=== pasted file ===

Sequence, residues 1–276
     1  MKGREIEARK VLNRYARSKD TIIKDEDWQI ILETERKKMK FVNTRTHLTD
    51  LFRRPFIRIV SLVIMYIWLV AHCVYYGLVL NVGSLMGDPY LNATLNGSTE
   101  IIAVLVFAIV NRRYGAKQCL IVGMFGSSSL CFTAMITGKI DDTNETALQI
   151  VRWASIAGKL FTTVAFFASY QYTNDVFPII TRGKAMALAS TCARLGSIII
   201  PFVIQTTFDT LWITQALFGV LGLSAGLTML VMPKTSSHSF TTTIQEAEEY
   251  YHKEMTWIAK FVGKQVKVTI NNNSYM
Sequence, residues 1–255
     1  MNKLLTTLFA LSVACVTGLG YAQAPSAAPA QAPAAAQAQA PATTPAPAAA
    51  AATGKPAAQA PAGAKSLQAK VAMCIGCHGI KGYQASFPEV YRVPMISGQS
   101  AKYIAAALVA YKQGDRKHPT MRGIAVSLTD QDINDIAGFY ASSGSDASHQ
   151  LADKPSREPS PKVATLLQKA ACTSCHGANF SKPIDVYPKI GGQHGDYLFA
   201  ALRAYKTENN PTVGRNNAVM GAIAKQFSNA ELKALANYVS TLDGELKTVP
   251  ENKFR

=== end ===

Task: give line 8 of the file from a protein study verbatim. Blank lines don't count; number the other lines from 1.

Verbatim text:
Sequence, residues 1–255